Derivatives are absolutely where the market’s headed towards, and that will only accelerate in the next decade or so. Of course outdoors is always going to be the lowest cost of production.

Dried flower is always going to have a significant share of the market, but it will be decreasing.

How are you using partnerships to access sales channels?

For the first year, we’re focused on wholesale, so we’re not going to be selling directly to medical patients.

We partnered with Tantalus Labs and Taima Extracts to use their distribution networks. And we expect that 80% of our production will go towards vaporized concentrates and 20% will go towards dried flower.

Beyond 2020, we plan on doing our own processing in house and selling directly to medical patients.

How does equity crowdfunding differ from other ways of raising money, and why is it appealing for smaller producers?

It’s a different way of raising money. I think it’s really a great opportunity for craft cultivators and micro cultivators in particular to raise money.

It’s similar to a private placement, but instead of only being able to include friends, family, business associates and accredited investors, we’re able to include most Canadians, depending on their province of residence.

The minimum investment can be as low as $100, which opens up the opportunity to many more people.

It is very expensive and time consuming to go public, so this isn’t a feasible option for most small producers starting out.

What do investors need to know about equity crowdfunding?

Equity crowdfunding is similar to buying a stock on the open market, except that you’re not able to sell whenever you want, a liquidity event such as an IPO or acquisition needs to occur before you can cash out.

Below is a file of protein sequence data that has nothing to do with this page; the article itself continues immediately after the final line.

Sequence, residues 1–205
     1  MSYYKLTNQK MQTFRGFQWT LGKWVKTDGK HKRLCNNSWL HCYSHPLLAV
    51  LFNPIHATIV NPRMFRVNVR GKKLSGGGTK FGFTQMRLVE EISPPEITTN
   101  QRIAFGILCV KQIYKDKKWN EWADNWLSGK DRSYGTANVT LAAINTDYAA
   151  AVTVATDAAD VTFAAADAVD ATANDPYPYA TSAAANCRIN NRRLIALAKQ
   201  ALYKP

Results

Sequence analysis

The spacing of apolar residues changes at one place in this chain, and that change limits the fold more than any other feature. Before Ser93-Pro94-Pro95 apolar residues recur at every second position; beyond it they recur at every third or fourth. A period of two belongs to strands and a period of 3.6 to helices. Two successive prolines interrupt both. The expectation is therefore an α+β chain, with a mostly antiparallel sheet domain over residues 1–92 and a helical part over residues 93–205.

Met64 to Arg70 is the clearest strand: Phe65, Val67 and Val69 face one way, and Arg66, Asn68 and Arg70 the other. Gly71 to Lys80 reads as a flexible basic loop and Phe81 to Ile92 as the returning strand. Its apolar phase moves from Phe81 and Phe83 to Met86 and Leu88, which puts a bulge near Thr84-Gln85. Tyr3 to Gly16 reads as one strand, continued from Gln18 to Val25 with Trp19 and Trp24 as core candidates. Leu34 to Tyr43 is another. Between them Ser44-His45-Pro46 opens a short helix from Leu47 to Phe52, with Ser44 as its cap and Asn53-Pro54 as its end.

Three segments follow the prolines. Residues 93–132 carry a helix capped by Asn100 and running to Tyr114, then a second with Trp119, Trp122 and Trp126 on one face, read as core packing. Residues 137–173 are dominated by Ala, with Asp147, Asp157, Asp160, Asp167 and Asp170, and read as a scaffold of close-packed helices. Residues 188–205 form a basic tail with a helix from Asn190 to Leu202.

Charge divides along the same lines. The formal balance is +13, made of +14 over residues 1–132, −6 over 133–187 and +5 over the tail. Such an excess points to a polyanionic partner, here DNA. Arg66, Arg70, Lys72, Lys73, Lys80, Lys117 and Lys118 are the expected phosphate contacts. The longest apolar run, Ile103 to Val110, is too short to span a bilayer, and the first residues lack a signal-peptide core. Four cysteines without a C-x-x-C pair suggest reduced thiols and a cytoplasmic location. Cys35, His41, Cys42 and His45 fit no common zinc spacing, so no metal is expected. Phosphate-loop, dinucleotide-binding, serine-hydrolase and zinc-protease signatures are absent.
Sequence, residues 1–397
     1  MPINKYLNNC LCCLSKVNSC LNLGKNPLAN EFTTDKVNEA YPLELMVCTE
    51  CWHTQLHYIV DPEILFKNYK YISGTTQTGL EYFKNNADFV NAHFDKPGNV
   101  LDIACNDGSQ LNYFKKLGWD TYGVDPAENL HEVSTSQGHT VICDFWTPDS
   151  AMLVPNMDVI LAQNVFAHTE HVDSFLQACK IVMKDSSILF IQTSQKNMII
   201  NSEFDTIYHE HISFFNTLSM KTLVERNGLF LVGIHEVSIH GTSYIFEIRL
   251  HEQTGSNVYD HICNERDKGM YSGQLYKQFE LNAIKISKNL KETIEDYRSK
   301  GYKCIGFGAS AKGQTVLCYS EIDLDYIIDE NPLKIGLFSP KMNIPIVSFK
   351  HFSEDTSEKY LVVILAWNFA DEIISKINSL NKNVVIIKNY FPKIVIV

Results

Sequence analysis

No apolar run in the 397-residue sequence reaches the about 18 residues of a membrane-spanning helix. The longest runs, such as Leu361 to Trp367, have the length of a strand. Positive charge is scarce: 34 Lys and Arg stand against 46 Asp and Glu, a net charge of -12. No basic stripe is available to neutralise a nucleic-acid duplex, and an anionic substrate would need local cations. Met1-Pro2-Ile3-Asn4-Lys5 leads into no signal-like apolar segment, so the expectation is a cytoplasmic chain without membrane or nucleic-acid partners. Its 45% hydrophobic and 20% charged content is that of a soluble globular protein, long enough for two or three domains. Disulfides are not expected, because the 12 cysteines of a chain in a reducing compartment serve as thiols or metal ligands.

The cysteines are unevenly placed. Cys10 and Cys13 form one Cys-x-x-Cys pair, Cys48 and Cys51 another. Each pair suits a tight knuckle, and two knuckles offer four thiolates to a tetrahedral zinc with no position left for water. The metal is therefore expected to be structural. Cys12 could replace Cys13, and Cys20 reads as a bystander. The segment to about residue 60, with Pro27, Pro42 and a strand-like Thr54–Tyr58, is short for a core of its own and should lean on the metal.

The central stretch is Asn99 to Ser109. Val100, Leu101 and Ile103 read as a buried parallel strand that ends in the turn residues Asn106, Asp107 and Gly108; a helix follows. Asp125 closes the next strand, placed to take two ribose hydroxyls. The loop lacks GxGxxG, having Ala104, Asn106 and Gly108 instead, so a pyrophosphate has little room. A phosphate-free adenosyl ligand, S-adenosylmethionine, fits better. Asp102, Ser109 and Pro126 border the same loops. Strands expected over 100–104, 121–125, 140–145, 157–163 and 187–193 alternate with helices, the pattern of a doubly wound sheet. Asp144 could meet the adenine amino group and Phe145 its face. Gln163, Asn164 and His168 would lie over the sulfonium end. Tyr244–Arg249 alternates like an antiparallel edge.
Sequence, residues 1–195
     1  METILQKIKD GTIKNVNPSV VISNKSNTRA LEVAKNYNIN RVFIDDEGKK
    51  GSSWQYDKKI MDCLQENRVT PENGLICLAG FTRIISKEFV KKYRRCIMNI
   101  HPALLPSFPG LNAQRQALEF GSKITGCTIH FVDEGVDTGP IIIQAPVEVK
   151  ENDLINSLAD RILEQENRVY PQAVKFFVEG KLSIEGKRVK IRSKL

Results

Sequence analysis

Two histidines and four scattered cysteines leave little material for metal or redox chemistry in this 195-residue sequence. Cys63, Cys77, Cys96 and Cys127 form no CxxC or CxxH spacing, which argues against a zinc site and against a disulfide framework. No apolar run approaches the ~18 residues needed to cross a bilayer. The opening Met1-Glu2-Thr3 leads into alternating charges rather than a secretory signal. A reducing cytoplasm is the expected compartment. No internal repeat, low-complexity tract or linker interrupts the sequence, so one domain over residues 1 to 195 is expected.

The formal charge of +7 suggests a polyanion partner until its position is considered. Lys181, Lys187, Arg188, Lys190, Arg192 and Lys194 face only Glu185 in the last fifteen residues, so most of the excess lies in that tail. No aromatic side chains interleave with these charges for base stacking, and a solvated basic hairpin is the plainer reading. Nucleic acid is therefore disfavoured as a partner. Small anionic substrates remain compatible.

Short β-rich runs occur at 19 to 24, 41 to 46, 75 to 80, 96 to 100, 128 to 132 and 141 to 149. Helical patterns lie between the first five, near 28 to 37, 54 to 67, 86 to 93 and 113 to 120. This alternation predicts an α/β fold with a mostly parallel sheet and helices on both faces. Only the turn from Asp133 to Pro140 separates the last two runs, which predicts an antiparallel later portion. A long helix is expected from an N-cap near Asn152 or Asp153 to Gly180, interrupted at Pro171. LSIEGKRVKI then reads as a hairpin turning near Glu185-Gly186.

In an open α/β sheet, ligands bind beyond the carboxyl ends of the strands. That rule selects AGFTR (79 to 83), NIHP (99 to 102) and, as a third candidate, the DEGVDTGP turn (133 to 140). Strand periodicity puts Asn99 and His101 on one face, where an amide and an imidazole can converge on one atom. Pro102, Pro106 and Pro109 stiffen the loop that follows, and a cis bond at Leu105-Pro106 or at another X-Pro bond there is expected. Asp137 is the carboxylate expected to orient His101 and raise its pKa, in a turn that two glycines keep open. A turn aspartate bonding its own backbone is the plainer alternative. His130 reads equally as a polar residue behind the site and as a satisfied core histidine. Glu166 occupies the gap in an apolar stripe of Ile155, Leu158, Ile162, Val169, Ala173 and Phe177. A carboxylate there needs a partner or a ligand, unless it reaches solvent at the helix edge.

It’s relatively new in Canada, so there’s certainly some education there. Many people are familiar with other types of crowdfunding such as Kickstarter, but in that case you aren’t owning any equity in the company. It is a relatively simple process through Frontfundr.

It takes 5-10 minutes to fill out the paperwork online, a couple of days to process the paperwork, and minutes to transfer the funds.

What do cannabis companies need to know if they’re considering equity crowdfunding?

It can be quite time consuming and require significant legal and financial expertise to issue an offering memorandum. You need to have audited financial statements.

The process can easily take a couple of months to put together everything that is required for a campaign.

You have to be especially careful of is how you market the securities and the use of forward looking statements.

This interview was edited for length and clarity.

Matt Lamers can be reached at [email protected]
2 comments on “A new way to commercialize cannabis in Canada: Q&A with Mark Spear of Wildfire Collective
  1. Aleks-Aco Stoilkov on

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  2. Elle on

    I am already imagining the bad things that will happen because of the extremely high water demands, and then fertilizer run-off traveling into streams and aquifers.